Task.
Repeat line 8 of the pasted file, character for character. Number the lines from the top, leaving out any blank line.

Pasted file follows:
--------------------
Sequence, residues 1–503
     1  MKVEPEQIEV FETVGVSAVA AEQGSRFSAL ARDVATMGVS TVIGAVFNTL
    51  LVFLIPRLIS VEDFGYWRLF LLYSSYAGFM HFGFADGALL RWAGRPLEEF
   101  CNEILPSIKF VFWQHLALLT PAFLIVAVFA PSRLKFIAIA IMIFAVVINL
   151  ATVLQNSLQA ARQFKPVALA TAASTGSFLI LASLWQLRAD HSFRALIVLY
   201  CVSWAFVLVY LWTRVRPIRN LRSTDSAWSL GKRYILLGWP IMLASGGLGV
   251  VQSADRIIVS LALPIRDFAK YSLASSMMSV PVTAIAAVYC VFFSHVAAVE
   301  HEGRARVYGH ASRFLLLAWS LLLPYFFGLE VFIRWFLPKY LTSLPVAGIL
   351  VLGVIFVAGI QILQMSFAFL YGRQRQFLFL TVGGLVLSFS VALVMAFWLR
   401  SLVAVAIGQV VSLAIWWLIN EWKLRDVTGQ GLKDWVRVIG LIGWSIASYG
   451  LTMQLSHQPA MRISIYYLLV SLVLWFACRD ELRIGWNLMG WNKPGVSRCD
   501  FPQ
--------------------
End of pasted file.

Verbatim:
   301  HEGRARVYGH ASRFLLLAWS LLLPYFFGLE VFIRWFLPKY LTSLPVAGIL